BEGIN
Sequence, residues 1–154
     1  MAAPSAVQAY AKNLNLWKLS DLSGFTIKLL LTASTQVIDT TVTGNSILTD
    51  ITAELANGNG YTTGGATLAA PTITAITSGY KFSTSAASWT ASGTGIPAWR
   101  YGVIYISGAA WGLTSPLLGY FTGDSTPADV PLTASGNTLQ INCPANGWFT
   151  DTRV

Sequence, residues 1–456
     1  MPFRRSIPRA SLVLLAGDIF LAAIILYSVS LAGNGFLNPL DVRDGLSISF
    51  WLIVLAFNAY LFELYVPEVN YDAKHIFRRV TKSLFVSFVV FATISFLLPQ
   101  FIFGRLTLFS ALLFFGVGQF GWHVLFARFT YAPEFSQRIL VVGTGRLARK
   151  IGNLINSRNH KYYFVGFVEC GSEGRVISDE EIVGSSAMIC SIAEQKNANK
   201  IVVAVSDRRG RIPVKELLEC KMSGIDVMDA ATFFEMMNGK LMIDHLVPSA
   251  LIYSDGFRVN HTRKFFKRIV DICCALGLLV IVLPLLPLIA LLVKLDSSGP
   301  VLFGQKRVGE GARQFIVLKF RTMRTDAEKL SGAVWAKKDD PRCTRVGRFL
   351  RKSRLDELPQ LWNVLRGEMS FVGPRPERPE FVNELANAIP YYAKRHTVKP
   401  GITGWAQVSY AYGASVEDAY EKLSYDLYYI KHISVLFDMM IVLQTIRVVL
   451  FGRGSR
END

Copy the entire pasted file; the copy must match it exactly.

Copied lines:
Sequence, residues 1–154
     1  MAAPSAVQAY AKNLNLWKLS DLSGFTIKLL LTASTQVIDT TVTGNSILTD
    51  ITAELANGNG YTTGGATLAA PTITAITSGY KFSTSAASWT ASGTGIPAWR
   101  YGVIYISGAA WGLTSPLLGY FTGDSTPADV PLTASGNTLQ INCPANGWFT
   151  DTRV

Sequence, residues 1–456
     1  MPFRRSIPRA SLVLLAGDIF LAAIILYSVS LAGNGFLNPL DVRDGLSISF
    51  WLIVLAFNAY LFELYVPEVN YDAKHIFRRV TKSLFVSFVV FATISFLLPQ
   101  FIFGRLTLFS ALLFFGVGQF GWHVLFARFT YAPEFSQRIL VVGTGRLARK
   151  IGNLINSRNH KYYFVGFVEC GSEGRVISDE EIVGSSAMIC SIAEQKNANK
   201  IVVAVSDRRG RIPVKELLEC KMSGIDVMDA ATFFEMMNGK LMIDHLVPSA
   251  LIYSDGFRVN HTRKFFKRIV DICCALGLLV IVLPLLPLIA LLVKLDSSGP
   301  VLFGQKRVGE GARQFIVLKF RTMRTDAEKL SGAVWAKKDD PRCTRVGRFL
   351  RKSRLDELPQ LWNVLRGEMS FVGPRPERPE FVNELANAIP YYAKRHTVKP
   401  GITGWAQVSY AYGASVEDAY EKLSYDLYYI KHISVLFDMM IVLQTIRVVL
   451  FGRGSR